There are two types of rise: regular and low. For anyone who prefers low-rise trousers, a low-rise pair of underwear won’t peek out quite as much. In contrast, regular-rise underwear sits closer to the waistline, and many people find it more supportive. Inseam lengths for boxer briefs typically fall between three and five inches, which is usually enough to provide good support and coverage without adding too much bulk under pants. With that said, longer inseams can be helpful for keeping boxer briefs in place, especially during workouts.
Best overall boxer briefs
Fabric: Supima cotton | Fly: Traditional | Waistband: Exposed elastic | Fit: Regular rise, sizes S–3XL
Of all of the pairs we heard about while reporting on boxer briefs (and men’s underwear in general), none received more praise than Uniqlo’s Supima Cotton Boxer Briefs. Our trusted sources swear by them for both quality and value. “They’re soft, breathable, and keep their shape well even after many washes,” says photographer Sam Schmieg. Other fans include Strategist columnist Chris Black, photographer Malcolm McNeil, street-style photographer Christopher Fenimore, and Andrew Chen, the founder of menswear brand 3sixteen. The simple and affordable design has a regular rise and a vertical fold-over fly. Supima cotton is rarer and usually more expensive than other kinds of cotton because it has a longer staple fiber (the average length of fibers pulled from the plant). This makes it extra soft, durable, and good at taking dye.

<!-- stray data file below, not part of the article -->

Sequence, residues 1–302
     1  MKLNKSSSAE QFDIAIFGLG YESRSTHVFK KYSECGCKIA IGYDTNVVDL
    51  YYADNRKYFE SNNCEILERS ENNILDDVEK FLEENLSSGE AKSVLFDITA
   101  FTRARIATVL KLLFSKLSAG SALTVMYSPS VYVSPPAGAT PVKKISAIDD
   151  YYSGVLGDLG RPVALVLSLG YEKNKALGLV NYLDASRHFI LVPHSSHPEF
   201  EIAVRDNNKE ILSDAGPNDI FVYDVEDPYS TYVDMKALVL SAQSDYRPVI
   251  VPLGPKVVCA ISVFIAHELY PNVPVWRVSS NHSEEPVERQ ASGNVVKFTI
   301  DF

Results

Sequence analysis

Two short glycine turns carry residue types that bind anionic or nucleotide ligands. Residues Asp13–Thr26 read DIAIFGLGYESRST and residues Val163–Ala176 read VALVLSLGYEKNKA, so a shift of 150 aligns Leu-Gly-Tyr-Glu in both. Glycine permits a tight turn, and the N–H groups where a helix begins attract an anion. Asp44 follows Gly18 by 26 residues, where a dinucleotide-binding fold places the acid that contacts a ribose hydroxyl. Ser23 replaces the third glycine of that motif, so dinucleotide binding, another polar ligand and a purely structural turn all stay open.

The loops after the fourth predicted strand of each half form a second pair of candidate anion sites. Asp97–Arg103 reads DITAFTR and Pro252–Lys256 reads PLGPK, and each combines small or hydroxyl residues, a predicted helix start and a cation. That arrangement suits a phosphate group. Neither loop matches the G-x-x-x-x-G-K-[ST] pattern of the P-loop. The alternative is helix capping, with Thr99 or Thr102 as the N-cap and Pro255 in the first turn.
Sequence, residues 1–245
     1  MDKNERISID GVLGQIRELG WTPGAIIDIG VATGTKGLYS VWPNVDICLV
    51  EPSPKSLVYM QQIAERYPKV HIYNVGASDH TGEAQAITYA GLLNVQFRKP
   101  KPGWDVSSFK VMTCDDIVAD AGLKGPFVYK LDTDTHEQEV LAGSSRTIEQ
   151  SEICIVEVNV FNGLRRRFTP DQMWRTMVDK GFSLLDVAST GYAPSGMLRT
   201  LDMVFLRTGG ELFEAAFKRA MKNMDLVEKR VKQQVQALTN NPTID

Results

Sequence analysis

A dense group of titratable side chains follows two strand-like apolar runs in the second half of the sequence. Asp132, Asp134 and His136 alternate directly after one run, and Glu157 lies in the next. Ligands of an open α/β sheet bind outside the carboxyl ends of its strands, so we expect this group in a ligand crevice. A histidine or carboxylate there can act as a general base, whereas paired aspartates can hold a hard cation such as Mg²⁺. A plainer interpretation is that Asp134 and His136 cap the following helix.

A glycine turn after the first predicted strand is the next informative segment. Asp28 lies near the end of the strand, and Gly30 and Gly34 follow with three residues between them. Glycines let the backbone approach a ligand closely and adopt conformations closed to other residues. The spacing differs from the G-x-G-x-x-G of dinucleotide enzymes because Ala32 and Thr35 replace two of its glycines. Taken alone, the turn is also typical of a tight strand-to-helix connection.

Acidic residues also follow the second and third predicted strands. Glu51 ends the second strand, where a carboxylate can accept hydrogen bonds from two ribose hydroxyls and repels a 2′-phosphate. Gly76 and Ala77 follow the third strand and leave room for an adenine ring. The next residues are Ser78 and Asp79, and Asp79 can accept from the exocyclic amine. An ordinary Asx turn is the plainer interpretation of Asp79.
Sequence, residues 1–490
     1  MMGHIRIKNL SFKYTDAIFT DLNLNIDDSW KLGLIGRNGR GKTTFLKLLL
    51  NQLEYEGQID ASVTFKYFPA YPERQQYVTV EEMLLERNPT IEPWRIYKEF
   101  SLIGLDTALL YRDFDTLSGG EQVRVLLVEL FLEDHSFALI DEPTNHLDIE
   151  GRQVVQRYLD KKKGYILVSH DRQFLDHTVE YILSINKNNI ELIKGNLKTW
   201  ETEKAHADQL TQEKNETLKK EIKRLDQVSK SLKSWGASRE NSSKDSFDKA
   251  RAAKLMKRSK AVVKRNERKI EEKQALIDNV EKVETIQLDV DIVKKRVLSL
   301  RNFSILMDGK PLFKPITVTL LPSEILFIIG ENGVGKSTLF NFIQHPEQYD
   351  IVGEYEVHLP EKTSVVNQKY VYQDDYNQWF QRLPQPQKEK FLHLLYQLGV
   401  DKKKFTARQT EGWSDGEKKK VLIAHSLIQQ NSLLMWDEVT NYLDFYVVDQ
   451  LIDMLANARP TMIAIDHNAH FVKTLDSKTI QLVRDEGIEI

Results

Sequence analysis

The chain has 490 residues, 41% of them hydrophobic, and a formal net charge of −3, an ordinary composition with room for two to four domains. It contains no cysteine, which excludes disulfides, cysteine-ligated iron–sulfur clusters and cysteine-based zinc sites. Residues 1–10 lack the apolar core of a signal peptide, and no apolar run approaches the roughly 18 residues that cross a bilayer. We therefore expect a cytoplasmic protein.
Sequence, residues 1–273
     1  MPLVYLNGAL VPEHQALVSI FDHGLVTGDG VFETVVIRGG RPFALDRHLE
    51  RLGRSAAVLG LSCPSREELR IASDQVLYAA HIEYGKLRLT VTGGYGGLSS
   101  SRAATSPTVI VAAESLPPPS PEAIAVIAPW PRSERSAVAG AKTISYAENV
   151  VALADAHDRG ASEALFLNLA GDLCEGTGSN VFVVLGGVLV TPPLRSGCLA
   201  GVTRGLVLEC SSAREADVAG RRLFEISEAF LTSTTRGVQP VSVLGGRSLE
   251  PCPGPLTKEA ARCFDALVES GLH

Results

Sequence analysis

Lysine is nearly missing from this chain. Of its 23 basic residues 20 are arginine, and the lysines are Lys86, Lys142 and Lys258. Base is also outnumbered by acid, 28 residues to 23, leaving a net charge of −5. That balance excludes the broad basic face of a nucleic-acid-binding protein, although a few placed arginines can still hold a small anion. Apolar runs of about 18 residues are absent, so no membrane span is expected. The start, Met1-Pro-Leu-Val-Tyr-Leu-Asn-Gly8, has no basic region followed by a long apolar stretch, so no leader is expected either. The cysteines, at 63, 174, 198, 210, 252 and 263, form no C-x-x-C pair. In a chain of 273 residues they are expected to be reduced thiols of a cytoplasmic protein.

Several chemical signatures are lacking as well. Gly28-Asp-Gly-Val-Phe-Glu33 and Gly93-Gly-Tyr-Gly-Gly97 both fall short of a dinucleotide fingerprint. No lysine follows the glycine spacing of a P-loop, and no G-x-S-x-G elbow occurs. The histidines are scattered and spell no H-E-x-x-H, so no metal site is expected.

[Editor’s note: These are currently sold out, but you can sign up to be notified when they are back in stock. In the meantime, they’re also available in regular cotton.]
Best ultrathin boxer briefs
Fabric: Polyester, spandex, and nylon blend | Fly: Traditional | Waistband: Exposed elastic | Fit: Regular (also available in low rise), sizes S–3XL
Uniqlo’s Airism line promises moisture-wicking technology intended to keep you cool, dry, and feeling fresh. Nicolás Lazaro, a community specialist at menswear resale platform Grailed, prefers them to cotton boxer briefs because they are especially lightweight and breathable. “You’ll forget you even have them on,” he says. They come in two rises, regular and low, with a traditional fly and a more generous inseam of four to five inches, depending on the size you wear. Former Strategist writer Jordan Bowman says they hold up well after multiple washes and don’t shrink in the dryer. Lazaro also notes that they dry so quickly that he can just hand-wash them and hang them up for a bit if he’s ever in a pinch.
Best performance boxer briefs
Fabric: Nylon | Fly: Traditional | Waistband: Exposed elastic | Fit: Low rise, sizes S–2XL